On 06/11/2013 07:00 PM, Junio C Hamano wrote:
> Michael Haggerty <mhag...@alum.mit.edu> writes:
> [...]
>> * When reviewing other peoples' code, be tactful and constructive.  Set
>> high expectations, but do what you can to help the submitter achieve
>> them.  Don't demand changes based only on your personal preferences.
>> Don't let the perfect be the enemy of the good.
> I think this is 30% aimed at me (as I think I do about that much of
> the reviews around here).  I fully agree with most of them, but the
> last sentence is a bit too fuzzy to be a practically useful
> guideline.  Somebody's bare minimum is somebody else's perfection.
> An unqualified "perfect is the enemy of good" is often incorrectly
> used to justify "It works for me." and "There already are other
> codepaths that do it in the same wrong way.", both of which make
> things _worse_ for the long term project health.

I agree that the last line is fuzzy.  And I don't think that I've
observed any cases where I thought that reviewers were being too strict,
so in a way it's just trying to head off hypothetical future problems
and to make sure that the balance between submitter and reviewer is not
*entirely* one-sided.  Given our (proper, I think) strong deference to
reviewers, one could imagine a reviewer abusing his/her authority to
obstruct reasonable changes by (for example) making demands that the
submitter also fix tangentially-related things that are beyond the scope
of the patch.

In my own projects I have a rough policy of "not worse than before",
meaning that as long as a patch makes progress in at least one
dimension, and doesn't make things worse in any other dimension, then it
is acceptable.  (Of course "worse" can include internal quality issues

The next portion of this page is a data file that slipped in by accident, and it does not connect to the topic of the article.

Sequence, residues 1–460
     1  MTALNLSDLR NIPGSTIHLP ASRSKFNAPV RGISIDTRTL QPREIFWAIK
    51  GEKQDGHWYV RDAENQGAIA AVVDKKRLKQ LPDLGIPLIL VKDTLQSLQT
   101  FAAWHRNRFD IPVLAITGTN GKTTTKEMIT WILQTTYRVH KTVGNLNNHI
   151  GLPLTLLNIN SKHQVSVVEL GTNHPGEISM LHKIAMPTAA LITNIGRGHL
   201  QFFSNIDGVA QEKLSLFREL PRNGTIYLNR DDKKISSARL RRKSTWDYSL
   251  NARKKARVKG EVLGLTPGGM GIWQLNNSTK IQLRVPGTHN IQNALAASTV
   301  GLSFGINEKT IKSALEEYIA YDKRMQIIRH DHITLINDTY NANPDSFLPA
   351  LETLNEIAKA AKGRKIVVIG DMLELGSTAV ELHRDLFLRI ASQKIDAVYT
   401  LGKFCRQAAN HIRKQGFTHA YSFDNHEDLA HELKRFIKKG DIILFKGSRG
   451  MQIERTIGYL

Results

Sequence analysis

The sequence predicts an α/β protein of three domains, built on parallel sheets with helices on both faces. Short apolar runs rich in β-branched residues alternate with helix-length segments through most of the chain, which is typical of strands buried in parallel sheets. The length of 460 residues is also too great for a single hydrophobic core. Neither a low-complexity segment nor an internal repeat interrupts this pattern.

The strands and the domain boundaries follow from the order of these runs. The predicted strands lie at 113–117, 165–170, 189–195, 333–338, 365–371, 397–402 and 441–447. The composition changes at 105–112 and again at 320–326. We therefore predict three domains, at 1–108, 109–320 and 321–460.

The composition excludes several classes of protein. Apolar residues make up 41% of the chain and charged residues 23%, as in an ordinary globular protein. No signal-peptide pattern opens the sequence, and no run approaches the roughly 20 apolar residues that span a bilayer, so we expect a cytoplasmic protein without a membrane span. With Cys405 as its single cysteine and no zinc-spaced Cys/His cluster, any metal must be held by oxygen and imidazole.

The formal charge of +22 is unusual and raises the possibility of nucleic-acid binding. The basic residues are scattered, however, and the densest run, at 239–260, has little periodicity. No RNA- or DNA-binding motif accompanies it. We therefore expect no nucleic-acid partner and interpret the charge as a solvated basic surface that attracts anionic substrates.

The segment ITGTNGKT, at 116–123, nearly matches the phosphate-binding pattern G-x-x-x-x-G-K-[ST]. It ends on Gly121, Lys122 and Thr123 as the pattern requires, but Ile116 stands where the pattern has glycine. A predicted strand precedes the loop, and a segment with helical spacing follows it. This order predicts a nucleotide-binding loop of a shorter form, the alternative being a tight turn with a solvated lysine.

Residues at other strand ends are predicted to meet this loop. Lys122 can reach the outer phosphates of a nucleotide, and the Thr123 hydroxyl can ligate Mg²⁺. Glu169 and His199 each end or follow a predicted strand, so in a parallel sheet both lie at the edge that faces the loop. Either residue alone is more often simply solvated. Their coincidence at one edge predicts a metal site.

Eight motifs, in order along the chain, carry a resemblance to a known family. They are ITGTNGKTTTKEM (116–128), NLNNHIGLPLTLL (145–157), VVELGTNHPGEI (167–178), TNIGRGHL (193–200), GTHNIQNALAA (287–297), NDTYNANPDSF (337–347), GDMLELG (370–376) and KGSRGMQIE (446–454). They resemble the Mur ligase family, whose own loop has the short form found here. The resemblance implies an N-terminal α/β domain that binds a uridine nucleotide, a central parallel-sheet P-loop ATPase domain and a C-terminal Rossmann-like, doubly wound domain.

like copy-pasting code or even an increase in the amount of code
disproportionate to its benefit.)  A failure to make improvements in one
area should not be a reason to block an improvement in another area, as
long as nothing is made worse.

But I can't right now think of a succinct way to express what I have in

>> * It is not OK to use these guidelines as a stick with which to beat
>> supposed violators.  However, if you genuinely feel that another
>> community member is routinely behaving in ways that are detrimental to
>> the community, it might help to calmly express your concerns to that
>> person, preferably in a private email, and naming concrete and specific
>> incidents rather than broad generalizations.
> I would think it is perfectly OK to say "The way you are refusing to
> listen to constructive comments is not how things work around here"
> by pointing at a set of guidelines.

I agree.

> Why do you think is it not OK?  The "beating" part?

I think it would be counterproductive for people to start saying things
like "that is a violation of rule 3, section 2" *in everyday
discussions*.  This shouldn't be taken as a list of black-and-white
laws, with allegations of small "infractions" used to shut down
discussions.  And on the other hand, if somebody shows a long history of
acting contrary to the guidelines, and persists despite repeated
requests to stop, I don't want the discussion to turn into a lawyerly
analysis of the guidelines with point-by-point rebuttals and
counter-rebuttals of whether this or that guideline was violated.

The guidelines should just describe the expected tone of the community
in a way that the vast majority of participants can agree on, and any
kind of actions to enforce the guidelines should only be taken when an
overwhelming majority of the community

I think the CommunityGuidelines should have three main uses:

1. An artifact documenting the community consensus about what kinds of
behaviors are encouraged and what kinds are considered unacceptable.  It
should only be accepted, and it only has value, if there is a strong
consensus in favor of it.

2. A resource to help new community members get up to speed on our
practices and expectations.

3. As a point of reference in the direst meltdowns, such as IMO we are
having right now.


Michael Haggerty
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